At least in my college and graduate studies, it was clear that one of the main goals of a liberal arts education was to train students to concern themselves with the suffering of others. I had always been sensitive to the suffering of those around me, but my coursework aimed to widen the horizons of my sympathy beyond my family, friends, coworkers, classmates, like-minded thinkers, and neighbors. In addition to studying political theory supporting this sentiment, we read ethnography, watched foreign films, studied abroad, and corresponded with students around the globe. We familiarized ourselves with people quite different from ourselves; learning about our commonalities as well as our vast differences. In my philosophy and political science classes we spoke a lot about utopia. We were meant to choose between various visions of an ideal future — a future where human suffering was largely mitigated — presumably in part due to a widening in the scope of people’s sympathies. Where we often focus our moral efforts on lessening the suffering of ourselves, those close to us, and our extended communities, some day we might all care for one another as a global community, the rhetoric seemed to extol. While this program has its positive contributions in battling the myopia and selfishness of many a college freshman, in the end I find it quite misleading.
The world is chock-full of human suffering. This realization is one of the uncomfortable upshots of such an education in sympathy-expansion. Liberal arts educations are good at raising awareness of suffering, getting students to be more sympathetic to it, and encouraging us to do something about it. But what I often find lacking is a responsible discussion about how much we can and should do. Philosophers like Peter Singer teach us that we should have equal concern for the suffering of everyone on the planet. And since most people will not extend their sympathies this far, Singer continues, it’s our job as moral folks to make up for their shortfall as best we can. To me, this seems far too strenuous, and a recipe for inevitable short-coming and guilt. This might not bother Singer, but it bothers me. There will always be more suffering to battle, and there are only so many hours in the day for us moral champions to fight. Philosophers such as John Lachs are quick to point out that the world supplies us with infinite opportunities for moral intervention but only finite resources with which to help (time, influence, and sympathy itself are in short supply). Surely we shouldn’t lay awake each night feeling guilty that we could have done more. We can always do more. But should we?
When have we done enough?, is the question I am posing here. As a pragmatist I don’t believe there are any ultimate answers to this question. There are no instructions about proper levels of moral commitment imparted to us by God, Nature, Reason or any other ultimately authoritative source. The truth about what we should do exists only insofar as we come to some agreement about it. Most pragmatists consider themselves meliorist [that is, people who work to make the world a better place] but that’s because the culture of pragmatists happened to develop that way. There’s nothing about philosophical pragmatism that necessarily commits one to humanitarianism over complacency. Just as nothing in philosophy can tell us when we’ve donated enough, helped enough, volunteered enough, or given enough. Philosophies that don’t provide such final answers about moral issues are often criticized, as are most "post-modern” strains of ethical thought, as being deeply troubling. And in comparison to being provided with an ethical roadmap from the Divine, they are. But that’s where we’re at. For centuries we’ve searched high and low for universal moral standards and ultimate ethical criterion, and we’ve come up short. Experience confirms that the world’s inhabitants value a plurality of goods — universal moral criterion just won’t do.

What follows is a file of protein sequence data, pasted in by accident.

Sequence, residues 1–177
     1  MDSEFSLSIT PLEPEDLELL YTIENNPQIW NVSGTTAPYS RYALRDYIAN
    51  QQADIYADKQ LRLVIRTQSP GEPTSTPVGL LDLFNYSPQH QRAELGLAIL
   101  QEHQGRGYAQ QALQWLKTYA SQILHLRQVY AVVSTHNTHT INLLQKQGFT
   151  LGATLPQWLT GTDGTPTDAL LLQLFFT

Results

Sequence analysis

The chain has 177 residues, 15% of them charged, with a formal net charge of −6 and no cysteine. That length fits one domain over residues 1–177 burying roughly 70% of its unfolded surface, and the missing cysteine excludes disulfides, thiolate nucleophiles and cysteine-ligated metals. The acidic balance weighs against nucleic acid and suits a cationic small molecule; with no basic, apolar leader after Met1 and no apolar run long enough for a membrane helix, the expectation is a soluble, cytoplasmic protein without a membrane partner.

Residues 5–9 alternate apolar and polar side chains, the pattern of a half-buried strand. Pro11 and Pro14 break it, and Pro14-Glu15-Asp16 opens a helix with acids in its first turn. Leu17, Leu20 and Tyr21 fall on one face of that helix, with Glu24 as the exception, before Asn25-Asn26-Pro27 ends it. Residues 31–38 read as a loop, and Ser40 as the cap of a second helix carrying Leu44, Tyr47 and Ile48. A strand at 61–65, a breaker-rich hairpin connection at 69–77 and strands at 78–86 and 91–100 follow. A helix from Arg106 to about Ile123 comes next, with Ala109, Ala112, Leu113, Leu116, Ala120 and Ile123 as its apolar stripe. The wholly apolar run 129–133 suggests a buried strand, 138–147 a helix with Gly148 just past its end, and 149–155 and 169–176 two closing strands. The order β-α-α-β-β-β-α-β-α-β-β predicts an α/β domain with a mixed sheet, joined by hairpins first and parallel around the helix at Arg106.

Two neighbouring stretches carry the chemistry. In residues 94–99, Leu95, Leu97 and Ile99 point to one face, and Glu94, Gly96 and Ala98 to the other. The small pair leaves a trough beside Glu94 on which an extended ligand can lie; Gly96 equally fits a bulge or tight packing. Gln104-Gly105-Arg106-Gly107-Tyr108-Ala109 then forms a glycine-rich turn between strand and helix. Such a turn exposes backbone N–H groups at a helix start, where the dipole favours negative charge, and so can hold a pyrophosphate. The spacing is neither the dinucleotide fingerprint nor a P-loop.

So what, if anything, the concerned may ask, is the thoughtful person's motivation for remaining committed to the reduction of suffering as opposed to receding into his or her own selfish desires? Isn’t it a slippery slope from acknowledging the insurmountability of human suffering to doing whatever we want without boundary or concern for others? It’s possible, but I highly doubt it. Our moral habits and values are far too deeply entrenched for us to shed them even once persuaded by a post modern ethic like pragmatism. That being said, identifying with the moral sentiment I’m endorsing may help you rest better at night knowing that the suffering of the world doesn’t rest so squarely on your shoulders. And I find that valuable.
It's not reasonable to ask us to care for all the worlds' inhabitants as if they were our kin. And it's completely reasonable to feel a stronger intuitive moral pull toward those closest to us. Seeing as the resources of time, influence, and sympathy are in such short supply, there's no shame in spending the lot your moral efforts on those closest to you; despite the incalculable amount of human suffering in this world. I do believe that there are benefits to expanding student's sympathies, but there can also be benefits to constricting them. When our sympathies are focused, we can better serve a relatively small group of people within our sphere of influence. What's a shame is when those with more focused moral agendas are made to feel ethically inadequate for not addressing the world's farther reaching problems.